Say thank you more

By Gabriel Dinda

I am learning that, a “thank you” goes a long way in melting some of the most hardened hearts. I have written in the past that even in cases where one doesn’t seem to “deserve” a thank you, saying it is actually the best way out. Cases like after having a bumpy ride with a rogue matatu conductor or an encounter with a mean company secretary. A thank you in appreciation of their “mean” service, is the easiest route to talk to their heart to do things better.

If this is applicable here, it is even more applicable in a family set-up. While some things may be too ordinary, saying the words makes them truly special. For instance, saying ‘thank you’ to whoever made dinner. Or thank you to your wife or husband for ironing your clothes. What a way to make yourself a better person!

Writers Guild Kenya is a family and in all aspects, this is what we aim to be. In that sense, I pray for more “thank you’s” amongst us. While it is right to view privileges as rights and some of the things done to you by others as normal like when someone sends you a link to their blog, make it a habit of saying more thank you. Eventually, you grow into a better person.

Take a scenario whereby the efforts of Writers Guild Kenya you manage to secure a job. The first natural thing to do is to inform the person who helped you through this and possibly thank them on behalf of the family. An advanced way would be to make a commitment to give a small percentage of your pay to Writers Guild Kenya to help in running it so that the set-up remains strong to help other people to get help as you did. The contribution can be a commitment you make like you would to your mum. Only then, shall we be clear in our view of this as a family.

Some may be grumpy that this is another way to deny them the benefits of their hard-earned salary or view it differently, which is okay. Like the ten lepers in the Bible, while it wasn’t wrong for the nine to disappear and just go, the one who came back to say thank you was more peaceful at heart and naturally, his case more memorable. Human beings work in a unique way. If one advances an opportunity to you and they recognize from your action that you appreciate it more, they will tend to do more to you.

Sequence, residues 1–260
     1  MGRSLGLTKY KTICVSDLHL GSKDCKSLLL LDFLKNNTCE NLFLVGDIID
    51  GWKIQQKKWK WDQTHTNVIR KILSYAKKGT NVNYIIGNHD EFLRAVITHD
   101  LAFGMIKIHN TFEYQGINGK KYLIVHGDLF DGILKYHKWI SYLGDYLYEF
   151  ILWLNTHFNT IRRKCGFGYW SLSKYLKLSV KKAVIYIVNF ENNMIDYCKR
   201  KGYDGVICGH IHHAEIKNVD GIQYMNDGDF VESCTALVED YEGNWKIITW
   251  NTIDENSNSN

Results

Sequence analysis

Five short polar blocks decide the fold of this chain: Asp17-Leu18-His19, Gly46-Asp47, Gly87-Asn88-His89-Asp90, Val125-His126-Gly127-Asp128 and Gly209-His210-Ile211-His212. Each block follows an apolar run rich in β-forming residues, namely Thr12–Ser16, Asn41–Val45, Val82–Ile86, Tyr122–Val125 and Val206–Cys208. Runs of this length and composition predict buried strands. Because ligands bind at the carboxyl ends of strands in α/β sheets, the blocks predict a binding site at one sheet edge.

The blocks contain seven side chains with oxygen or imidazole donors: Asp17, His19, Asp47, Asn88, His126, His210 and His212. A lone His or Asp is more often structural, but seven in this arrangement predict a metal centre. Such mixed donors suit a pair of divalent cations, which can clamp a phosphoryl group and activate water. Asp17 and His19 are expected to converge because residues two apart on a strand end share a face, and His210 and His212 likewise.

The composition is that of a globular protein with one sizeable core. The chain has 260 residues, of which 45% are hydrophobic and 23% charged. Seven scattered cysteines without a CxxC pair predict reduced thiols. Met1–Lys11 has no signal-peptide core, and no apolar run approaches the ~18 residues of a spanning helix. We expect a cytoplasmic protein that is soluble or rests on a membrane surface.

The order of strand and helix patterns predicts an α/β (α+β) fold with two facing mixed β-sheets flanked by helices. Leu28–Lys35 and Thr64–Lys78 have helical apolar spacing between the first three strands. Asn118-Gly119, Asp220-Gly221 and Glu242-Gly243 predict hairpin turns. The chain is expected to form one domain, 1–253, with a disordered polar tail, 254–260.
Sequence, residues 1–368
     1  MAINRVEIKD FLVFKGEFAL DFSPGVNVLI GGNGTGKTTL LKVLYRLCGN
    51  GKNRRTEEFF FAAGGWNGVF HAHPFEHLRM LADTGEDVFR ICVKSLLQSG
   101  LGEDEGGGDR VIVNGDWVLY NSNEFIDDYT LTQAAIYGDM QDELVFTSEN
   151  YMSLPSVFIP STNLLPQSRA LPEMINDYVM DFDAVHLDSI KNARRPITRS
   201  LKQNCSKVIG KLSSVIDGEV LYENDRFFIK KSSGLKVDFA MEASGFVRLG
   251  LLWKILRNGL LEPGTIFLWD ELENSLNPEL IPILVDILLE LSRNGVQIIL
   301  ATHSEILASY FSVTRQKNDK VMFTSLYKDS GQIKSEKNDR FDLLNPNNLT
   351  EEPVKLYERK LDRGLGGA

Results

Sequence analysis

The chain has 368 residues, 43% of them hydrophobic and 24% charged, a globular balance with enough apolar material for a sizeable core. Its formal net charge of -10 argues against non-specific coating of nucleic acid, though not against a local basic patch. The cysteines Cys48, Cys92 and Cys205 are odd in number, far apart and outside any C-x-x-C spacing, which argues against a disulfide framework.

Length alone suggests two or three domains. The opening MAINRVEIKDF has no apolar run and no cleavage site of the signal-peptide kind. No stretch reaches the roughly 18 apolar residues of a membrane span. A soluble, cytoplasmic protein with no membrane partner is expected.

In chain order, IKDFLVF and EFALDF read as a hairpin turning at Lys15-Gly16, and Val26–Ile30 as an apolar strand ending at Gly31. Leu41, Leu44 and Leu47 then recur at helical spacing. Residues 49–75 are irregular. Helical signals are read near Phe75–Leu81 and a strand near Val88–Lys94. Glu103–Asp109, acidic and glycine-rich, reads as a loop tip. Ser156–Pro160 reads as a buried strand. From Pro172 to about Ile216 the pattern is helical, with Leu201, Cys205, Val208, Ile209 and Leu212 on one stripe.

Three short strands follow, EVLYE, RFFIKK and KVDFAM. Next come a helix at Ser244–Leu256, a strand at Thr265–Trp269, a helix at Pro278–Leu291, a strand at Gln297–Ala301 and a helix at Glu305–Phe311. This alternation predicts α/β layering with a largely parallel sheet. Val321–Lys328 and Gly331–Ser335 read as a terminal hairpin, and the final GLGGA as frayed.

There are many ways to ensure that we build a sustainable home. We have benefitted from this home immensely and ploughing back what we have earned will just be one of the ways. Viewing it and giving it a priority in our thoughts and prayers would be another avenue. Thinking of it when planning to donate things we own or come across will be another way. The more we have received the sacrifices of others, the more we should sacrifice ourselves. Then collectively and together, we enhance the virtue of charity and facilitate the building of this home, which is for the benefit of us all.

Writers Guild Kenya is not owned by any of us. It is owned by God and He has entrusted us with its growth and administration. He expects, in different ways that we give ourselves so that we may all contribute and own this wonderful home. Whether through your energy, your time, that phone call to say thank you, giving a part of your pay, dedicating a piece of what you no longer need; whichever way you deem fit, make it deliberate to say thank you more, not just to members of our family at Writers Guild Kenya but even to the extended family of humanity.

I hope you find joy and happiness in doing this.

This was a Hope Letter written to the members of Writers Guild Kenya in the month of August in the series of monthly reflection of building the Writers Centre. 

Gabriel Dinda is the founder of Writers Guild Kenya.

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